Immigrants Create Billions For The US

By: Immigrant Business, editorial team

Immigrants in the U.S. are 2x as likely to start businesses as their native counterparts generating at least $1 trillion in annual sales revenue, per the New American Economy (NAE).

Driving the news: President Trump recently issued an immigration rule that targets legal immigrants “who are likely to use public benefit programs” — positioning them as a burden on taxpayers. However, studies show that immigrant-owned small businesses in the U.S. generate billions of dollars in tax revenue each year.

The big picture: No matter where they relocate, immigrants frequently have more capital to start new enterprises than native-born citizens due to personal savings and family loans, the National Bureau of Economic Research has found.

Why immigrants are more likely to start small businesses:

  • Some economic researchers suggest that cross-cultural experience helps “internationally mobile individuals to develop skills and knowledge that augment their ability to identify entrepreneurial opportunities.”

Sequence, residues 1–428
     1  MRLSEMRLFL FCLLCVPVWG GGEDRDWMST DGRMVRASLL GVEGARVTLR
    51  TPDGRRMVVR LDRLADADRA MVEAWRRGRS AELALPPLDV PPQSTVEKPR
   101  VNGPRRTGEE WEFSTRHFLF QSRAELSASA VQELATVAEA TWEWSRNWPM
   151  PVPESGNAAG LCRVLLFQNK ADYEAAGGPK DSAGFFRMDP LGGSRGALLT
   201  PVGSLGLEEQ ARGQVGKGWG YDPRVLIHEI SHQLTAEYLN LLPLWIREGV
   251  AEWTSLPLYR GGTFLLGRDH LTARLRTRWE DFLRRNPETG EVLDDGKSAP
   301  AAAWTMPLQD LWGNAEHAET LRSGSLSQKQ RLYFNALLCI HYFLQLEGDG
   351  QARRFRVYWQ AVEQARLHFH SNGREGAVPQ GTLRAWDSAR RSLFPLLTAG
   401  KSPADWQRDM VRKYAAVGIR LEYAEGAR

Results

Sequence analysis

• Other studies theorize that discrimination in the labor market pushes immigrants to start their own ventures, per the Harvard Business Review.

“Outsiders face a tough struggle fitting into a new culture. They must figure out how to deal with, and overcome, frustration, loneliness and a steep learning curve.

And that’s why immigrants make such great entrepreneurs—they’re once again outsiders facing many of the same kinds of obstacles. Been there, done that.”

— Adrian Furnham, Wall Street Journal

By the numbers:

  • 1 out of every 5 entrepreneurs in the U.S. is an immigrant.
    • Approximately 3.2 million immigrants run their own businesses, says NAE, a group that supports immigration.
  • These businesses generate $1.3 trillion in total sales and $405.5 billion in tax revenue annually.
  • Almost 8 million Americans are employed at immigrant-run businesses, according to NAE.
  • Nearly half of all immigrant-owned startups are in accommodation and food service, retail trade, professional and technical services, says the National Bureau of Economic Research.
  • In 2012, immigrants started 40% of new businesses in California, New Jersey and New York.
    • These states have some of the largest immigrant populations in the country, the National Bureau of Economic Research found.
  • Latino immigrants are 40% more likely to start businesses than American-born Latinos.

 

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